You’ve decided to put your home on the market and have done everything in your power to make it as attractive as possible. But there’s one thing that’s beyond your control: the neighbors.
Whether they’re messy, loud, or just plain ruthless, their behavior can work against you when it comes time to sell. In fact, Appraisal Institute President Richard L. Borges II said he’s seen external factors, such as living beside bad neighbors, decrease home values by more than 5 to 10 percent. So, not only do they have the power to ruin your chances of making a sale, they can lower your property’s value.
The following are ways neighbors either purposely or inadvertently sabotage a home sale.
1. They’re noisy Neighbors
From barking dogs to garage bands, if visitors find themselves covering their ears the moment they get out of the car, they’re probably not going to want to live there.
2. They’re junk collectors
Sure, it’s great to have a handy neighbor or even one who fancies himself an amateur mechanic. But when the yard is littered with tools and automotive supplies, it can give your block a junkyard feel, which drastically diminishes your curb appeal. Speaking of outdoor attractiveness…
3. They ignore the landscaping
Overgrown grass, dead shrubs, and weeds galore detract from not only your neighbor’s home but yours as well. If you’ve tried talking to your neighbor and your concerns have gone unheeded, look into your local department of code enforcement, environmental management, or zoning as they may be violating local ordinances.
4. They let it all hang out
While almost everyone can appreciate the desire to conserve energy and save a buck, leaving one’s unmentionables out on a clothesline from one end of the day to the next does nothing to enhance the scenery.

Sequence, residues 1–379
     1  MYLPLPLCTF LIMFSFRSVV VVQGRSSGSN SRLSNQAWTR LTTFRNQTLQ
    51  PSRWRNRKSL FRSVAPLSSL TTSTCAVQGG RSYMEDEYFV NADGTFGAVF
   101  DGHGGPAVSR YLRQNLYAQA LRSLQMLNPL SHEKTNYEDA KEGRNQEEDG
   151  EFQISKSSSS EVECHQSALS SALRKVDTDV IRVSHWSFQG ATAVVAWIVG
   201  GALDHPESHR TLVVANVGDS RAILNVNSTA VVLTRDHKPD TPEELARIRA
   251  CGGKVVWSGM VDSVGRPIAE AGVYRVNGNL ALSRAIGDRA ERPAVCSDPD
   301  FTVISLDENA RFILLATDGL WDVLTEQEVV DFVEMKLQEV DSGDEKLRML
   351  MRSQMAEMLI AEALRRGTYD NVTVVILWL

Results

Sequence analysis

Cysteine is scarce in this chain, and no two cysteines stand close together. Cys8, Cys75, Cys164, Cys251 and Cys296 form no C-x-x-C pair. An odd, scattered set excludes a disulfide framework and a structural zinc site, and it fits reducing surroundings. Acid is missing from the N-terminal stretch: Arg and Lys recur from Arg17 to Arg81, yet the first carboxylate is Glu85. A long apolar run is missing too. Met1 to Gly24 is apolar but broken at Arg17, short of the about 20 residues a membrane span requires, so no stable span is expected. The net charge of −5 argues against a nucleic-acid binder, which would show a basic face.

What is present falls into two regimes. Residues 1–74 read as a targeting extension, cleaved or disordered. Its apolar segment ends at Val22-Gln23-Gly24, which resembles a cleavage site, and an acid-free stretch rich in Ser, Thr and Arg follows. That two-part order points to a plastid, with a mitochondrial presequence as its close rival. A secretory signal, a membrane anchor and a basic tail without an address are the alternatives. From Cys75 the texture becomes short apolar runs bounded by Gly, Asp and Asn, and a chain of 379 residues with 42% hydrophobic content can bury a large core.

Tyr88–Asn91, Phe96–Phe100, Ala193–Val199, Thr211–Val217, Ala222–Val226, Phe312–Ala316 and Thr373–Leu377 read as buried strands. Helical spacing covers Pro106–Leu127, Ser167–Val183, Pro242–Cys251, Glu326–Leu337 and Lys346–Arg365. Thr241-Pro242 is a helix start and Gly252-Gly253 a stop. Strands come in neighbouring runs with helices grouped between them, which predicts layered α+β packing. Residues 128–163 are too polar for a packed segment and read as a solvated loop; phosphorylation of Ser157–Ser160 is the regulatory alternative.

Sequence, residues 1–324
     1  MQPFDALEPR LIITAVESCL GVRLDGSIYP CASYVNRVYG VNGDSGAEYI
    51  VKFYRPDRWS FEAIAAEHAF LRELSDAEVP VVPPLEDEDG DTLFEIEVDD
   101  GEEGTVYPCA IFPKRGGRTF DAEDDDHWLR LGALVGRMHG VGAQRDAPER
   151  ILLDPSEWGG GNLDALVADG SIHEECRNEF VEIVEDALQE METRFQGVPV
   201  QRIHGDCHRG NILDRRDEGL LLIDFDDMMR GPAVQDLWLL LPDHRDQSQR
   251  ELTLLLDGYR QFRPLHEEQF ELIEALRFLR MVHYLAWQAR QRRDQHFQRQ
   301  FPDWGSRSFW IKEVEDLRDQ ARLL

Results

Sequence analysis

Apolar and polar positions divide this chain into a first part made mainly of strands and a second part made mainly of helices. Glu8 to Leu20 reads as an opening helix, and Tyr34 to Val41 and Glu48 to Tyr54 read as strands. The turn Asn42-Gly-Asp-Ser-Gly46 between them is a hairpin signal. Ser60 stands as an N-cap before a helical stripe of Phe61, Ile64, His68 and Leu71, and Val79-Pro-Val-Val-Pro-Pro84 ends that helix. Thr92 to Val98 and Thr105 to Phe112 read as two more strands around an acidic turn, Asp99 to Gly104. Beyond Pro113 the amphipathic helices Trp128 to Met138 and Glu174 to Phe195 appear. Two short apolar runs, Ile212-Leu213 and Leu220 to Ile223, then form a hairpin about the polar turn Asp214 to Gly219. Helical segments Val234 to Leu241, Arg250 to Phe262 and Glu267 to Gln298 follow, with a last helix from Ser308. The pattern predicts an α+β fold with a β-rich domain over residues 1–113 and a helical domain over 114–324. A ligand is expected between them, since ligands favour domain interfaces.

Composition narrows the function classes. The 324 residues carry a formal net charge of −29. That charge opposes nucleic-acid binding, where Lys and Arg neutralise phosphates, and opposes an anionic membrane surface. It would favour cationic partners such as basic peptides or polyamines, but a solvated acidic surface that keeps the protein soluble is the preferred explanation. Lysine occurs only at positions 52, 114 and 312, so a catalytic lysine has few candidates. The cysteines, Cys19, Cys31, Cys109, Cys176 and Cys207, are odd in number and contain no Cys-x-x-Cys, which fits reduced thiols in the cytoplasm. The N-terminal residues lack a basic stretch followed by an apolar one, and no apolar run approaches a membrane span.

5. They allow pets to run wild
Even if your neighbor doesn’t have a dog that howls at the moon or barks ferociously without the slightest provocation, letting pets run amuck is a big turn-off. For real estate author Jeffrey Roark, the strangest thing he ever experienced during an open house occurred when the next door neighbors let their pet pig out for a romp.
“Not a pot belly pig, but a large, regular sized pig,” he explained. “People looking at the pool in the backyard of the open house could hear the thing snorting and groveling on the other side of the fence. This wasn’t in a residential area – it was in a regular, city subdivision!”
6. They badmouth the house
This one takes a lot of nerve, but some neighbors have been known to disparage the home or even the area to try to stop a potential sale. One Realtor®, representing a bank-owned property, shared that he once had a neighbor attempt to keep would-be buyers at bay so his mother-in-law could get the place for a lower price.
“He had a perch where he would see when someone came into the property,” the Realtor® explained. “He would go out greet the people, on the way in or out, tell them the home belonged to drug dealers and unsavory people were stopping by all hours of the day and night. That scared off many a buyer, but eventually it sold to someone else for more than his mother-in-law was willing to pay.”
7. They’re gone
Just because no one is living there, that doesn’t mean your neighbor troubles are over. Though foreclosures aren’t uncommon, they’re bad news for nearby homes. Across the country, foreclosures are responsible for an average $7,200 price decline for every nearby home, according to the Center of Responsible Lending. Homeowners living within 300 feet of a foreclosed residential property aren’t immune either. They’ve experienced a 1.3 percent decline in home value — while those 300 to 500 feet away see a drop of 0.6 percent.
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